OceanReports Supports President Biden’s Climate Priorities
The ocean may look like a vast expanse of open space, but if you look below the surface, there’s a lot going on. That’s why NOAA partnered with the BOEM to develop the MarineCadastre.gov suite of products to help ocean planners explore this resource from the comfort of their own computers. The latest tool in this package is OceanReports.
Since the launch of OceanReports on Earth Day two years ago, this tool has become a go-to information source, providing instant access to more than 100 ocean and coastal datasets. Ocean professionals, as well as nonprofessionals and the conservation community, can use this information to find the best location for an aquaculture site, identify suitable areas for offshore wind development, support port expansion efforts, and much more. By providing ocean intelligence to achieve both renewable energy and conservation goals, OceanReports provides a path forward to support President Biden’s climate priorities.
This graphic shows Offshore Wind Resource Potential data near Brooklyn, New York.
Encouraging Clean Energy Offshore
Offshore wind and other renewable energy initiatives are growing along the U.S. coasts. Renewable energy siting was the foundation for which MarineCadastre.gov was established and is a strong focus of OceanReports. Data provided include offshore wind resource potential, offshore wind planning areas, and offshore wind energy leases. Comprehensive data resources also show the close proximity of electric power facilities, which helps to determine if the facility can handle the influx of power generated by offshore energy.
While those data are the obvious candidates to assist an offshore wind project, there’s more: seafloor depth, elevation, and information about potential conflicts such as endangered species and protected areas, as well as other ocean uses, such as shipping and fishing, which are important to the ocean economy.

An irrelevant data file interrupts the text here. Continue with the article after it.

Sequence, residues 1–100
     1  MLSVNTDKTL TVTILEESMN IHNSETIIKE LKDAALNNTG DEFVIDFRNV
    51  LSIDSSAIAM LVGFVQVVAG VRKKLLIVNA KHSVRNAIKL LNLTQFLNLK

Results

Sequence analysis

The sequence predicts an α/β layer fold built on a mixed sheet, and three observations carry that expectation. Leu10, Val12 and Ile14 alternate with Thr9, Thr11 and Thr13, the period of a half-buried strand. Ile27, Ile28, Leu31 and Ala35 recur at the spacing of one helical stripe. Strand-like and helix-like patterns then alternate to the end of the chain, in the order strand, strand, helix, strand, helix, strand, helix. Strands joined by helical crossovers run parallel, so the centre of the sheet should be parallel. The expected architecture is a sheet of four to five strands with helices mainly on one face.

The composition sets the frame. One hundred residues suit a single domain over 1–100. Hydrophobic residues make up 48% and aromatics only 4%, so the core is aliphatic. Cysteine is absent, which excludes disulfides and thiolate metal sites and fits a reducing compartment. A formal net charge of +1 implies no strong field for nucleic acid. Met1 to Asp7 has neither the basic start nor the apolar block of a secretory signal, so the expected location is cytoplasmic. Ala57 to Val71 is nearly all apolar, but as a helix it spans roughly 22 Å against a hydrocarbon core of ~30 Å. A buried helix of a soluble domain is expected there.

“Offshore renewable energy is the climate-friendly future of electric power for much of the coastal U.S. With leases issued for offshore wind and marine hydrokinetics, and plans for their development getting closer to fruition, the time is ideal for OceanReports to help planners identify the most suitable locations for their plans,” says Christine Taylor, Bureau of Ocean Energy Management team lead for MarineCadastre.gov.
One company is using OceanReports in a pioneering effort to harness fuel from algal biomasses in the Gulf of Mexico and the Caribbean Sea. Along with remote sensing data, the company used oceanographic and biophysical data, along with current and wind condition information found within OceanReports, to track algal biomasses. Not only could this effort provide a clean, renewable source of fuel, but the process also removes harmful excess nutrients from the ocean and could provide economic benefits to surrounding areas.
This is just one example of the myriad ways OceanReports can be used to support ocean industries and save time and resources in the process. A new video provides additional examples and information.
OceanReports was used to track macroalgae as a source of biofuel, a form of clean energy.